i thought about that Al but my mom allways told me not to make descisions when you are angry so i wrote a letter to educate her about public safety photogrtaphy. in it i tell her that a photograph i take today may save a life or teach a lesson or it just might go into an archive for future review. in any case i enjoy what i do and it serves a purpose and someday it may even help law enforcement. i see no reason to screw with her carrear which will only serve to piss her off and give her a day on the beach, she gets a tan but dont learn nuttin. even if she sees who its from and throws it in the trash, if i have a second encounter with her i would ask her if she read it and if not...then she sits down with me and the rat squad-(internal affairs) and together we explore the mysteries of the constitution and the bill of rights and how it relates to how she does her job.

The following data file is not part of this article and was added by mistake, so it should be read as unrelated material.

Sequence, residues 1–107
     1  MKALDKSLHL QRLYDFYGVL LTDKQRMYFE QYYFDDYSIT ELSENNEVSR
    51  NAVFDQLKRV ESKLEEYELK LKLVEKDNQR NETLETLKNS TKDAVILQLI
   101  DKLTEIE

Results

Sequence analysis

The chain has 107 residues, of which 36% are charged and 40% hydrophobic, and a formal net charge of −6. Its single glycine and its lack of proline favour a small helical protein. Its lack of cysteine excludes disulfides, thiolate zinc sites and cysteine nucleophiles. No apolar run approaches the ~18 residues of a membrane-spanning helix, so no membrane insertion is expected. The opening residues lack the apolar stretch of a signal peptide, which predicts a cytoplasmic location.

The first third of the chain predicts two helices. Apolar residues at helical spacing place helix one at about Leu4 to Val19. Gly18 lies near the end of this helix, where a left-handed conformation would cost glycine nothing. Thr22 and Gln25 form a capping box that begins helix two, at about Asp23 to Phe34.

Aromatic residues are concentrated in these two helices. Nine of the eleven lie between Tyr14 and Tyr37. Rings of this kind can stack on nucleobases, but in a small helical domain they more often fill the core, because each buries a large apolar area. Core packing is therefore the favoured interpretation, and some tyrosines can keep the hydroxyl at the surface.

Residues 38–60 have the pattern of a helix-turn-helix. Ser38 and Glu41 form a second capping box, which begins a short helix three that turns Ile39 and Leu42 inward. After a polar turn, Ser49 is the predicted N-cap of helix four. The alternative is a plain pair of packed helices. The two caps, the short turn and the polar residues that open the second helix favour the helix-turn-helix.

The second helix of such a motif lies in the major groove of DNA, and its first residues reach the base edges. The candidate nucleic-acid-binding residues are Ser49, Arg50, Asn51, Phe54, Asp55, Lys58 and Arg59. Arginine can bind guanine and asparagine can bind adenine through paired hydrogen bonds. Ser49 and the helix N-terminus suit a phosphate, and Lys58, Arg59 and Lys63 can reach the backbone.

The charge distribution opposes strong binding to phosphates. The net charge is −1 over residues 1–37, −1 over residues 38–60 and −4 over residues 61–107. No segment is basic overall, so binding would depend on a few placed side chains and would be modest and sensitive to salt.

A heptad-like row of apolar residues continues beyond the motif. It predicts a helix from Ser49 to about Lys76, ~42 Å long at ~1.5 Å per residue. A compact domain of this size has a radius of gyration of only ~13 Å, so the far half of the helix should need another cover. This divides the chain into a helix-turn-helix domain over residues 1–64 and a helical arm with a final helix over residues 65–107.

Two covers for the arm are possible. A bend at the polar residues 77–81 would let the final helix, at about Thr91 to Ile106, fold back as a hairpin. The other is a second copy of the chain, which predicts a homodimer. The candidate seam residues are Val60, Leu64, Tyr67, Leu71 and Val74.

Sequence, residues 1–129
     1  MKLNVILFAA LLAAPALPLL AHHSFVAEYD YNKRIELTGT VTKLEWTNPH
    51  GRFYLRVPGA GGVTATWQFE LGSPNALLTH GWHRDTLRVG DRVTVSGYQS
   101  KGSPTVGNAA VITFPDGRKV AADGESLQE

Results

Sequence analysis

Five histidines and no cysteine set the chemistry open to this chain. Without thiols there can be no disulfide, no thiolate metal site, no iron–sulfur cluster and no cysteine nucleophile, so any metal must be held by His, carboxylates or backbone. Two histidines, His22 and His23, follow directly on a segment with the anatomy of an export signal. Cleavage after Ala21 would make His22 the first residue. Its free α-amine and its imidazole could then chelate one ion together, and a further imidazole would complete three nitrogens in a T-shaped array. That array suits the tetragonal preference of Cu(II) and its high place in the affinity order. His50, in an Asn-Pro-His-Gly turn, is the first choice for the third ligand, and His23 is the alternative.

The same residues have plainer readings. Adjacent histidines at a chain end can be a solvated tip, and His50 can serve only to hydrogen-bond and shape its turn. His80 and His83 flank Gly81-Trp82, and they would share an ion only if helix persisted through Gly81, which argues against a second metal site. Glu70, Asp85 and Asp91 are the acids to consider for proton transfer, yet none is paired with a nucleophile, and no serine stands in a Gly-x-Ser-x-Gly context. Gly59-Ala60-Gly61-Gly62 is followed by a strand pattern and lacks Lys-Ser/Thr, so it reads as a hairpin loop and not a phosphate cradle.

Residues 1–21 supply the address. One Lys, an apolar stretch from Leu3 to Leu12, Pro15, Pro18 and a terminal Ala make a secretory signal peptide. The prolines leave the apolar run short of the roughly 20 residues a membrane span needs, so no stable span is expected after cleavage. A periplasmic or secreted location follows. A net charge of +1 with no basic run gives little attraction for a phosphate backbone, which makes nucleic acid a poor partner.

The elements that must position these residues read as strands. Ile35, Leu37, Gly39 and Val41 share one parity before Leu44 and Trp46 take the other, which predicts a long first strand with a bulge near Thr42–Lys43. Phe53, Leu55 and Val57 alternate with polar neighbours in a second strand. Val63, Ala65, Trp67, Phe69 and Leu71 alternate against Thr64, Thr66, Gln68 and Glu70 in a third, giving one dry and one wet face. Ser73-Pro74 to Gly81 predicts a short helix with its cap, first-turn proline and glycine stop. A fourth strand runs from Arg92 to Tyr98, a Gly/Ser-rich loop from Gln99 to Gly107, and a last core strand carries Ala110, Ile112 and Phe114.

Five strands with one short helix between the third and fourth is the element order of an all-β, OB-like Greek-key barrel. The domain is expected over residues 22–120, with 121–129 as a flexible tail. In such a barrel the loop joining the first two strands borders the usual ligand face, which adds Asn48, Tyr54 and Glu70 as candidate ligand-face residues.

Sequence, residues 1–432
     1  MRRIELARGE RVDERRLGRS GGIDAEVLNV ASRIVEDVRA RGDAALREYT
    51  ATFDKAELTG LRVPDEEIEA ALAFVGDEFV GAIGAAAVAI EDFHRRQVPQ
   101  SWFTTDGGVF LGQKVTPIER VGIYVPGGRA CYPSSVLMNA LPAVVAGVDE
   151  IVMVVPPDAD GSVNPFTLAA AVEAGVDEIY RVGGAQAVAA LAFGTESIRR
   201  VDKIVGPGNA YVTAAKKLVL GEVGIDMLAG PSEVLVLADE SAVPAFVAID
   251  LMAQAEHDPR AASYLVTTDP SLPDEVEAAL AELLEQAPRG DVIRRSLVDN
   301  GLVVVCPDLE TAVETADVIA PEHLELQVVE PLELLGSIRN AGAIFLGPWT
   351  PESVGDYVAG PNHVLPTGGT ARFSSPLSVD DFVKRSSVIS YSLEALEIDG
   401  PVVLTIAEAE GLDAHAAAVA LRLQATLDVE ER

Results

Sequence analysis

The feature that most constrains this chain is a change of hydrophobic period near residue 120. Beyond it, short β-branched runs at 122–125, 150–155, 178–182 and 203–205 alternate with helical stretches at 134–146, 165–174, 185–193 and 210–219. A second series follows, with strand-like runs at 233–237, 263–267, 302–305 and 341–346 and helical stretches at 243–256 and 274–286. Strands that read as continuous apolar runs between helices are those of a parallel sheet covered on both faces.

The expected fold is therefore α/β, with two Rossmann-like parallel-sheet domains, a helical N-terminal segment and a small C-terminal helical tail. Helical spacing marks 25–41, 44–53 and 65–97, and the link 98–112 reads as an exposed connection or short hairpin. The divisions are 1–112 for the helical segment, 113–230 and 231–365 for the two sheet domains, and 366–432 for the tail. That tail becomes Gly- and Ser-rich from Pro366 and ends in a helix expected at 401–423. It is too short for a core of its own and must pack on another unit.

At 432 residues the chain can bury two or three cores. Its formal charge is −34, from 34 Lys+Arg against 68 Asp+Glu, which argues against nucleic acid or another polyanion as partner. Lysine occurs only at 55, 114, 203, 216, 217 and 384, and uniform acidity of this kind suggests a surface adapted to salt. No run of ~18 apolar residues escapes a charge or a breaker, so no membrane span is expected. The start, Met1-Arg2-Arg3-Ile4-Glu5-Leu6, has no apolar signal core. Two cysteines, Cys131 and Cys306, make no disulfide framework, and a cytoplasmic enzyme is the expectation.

Mike you comment has weighed heavely on my mind and i thank you for it. as for going to court for photos, i have been the forensic photographer for my county's arson task force for 15 years and i have a few judges and attorneys who are TIRED of seeing me. i was testifying ducas tecum for a week once and when we were done the judge didnt want to see me again ever. he said we spent way too much time together, then we kept running into each other for a while in public, it was funny... As for HIPPA, the trick is not to get any faces of the victims because (this happened to a friend of mine) a person who was in an MVA complained that their accident was frequently used in some training and sued. the judge rulled that no faces could be seen in any of the pictures used so the fact that you recoignized "your accident" is your problem. nobody in the room knew who the victims are or were, so you should have said nothing. the photographer beat it. the good thing about digital is the erase button because nobody has a expectation of privacy at a fire, espically if i'm in the street or a designated area. i dont see the helment cam as a liability because the person wearing it didnt cause the fire (we hope) and i dont see how taking video inside or outside of a fire could be harmful. Mistakes happen at fires, thats a reality of our profession and if a dangerous practice can be exposed by a helmet cam, i'm all for it. i remember what a medal of valor winner said once, " show me a hero and i'll show you a guy that broke at least 10 department regs to win it". i have heard the argument of "causing pain to the homeowner" for seeing his house burn and the only thing i can say is if your know your house fire was taped...dont look at it at 6 and 11. emergency events are public events, and yes i do stay behind the yellow tape, i dont need to be in the way but what do i do when a chief who knows me grabbs me and draggs me along with him? (laugh-its happened) i try to stay out of the way,really i do. "Chaplain Mike" god bless you and your work and thank you and everyone else for your comments. i appriciate them all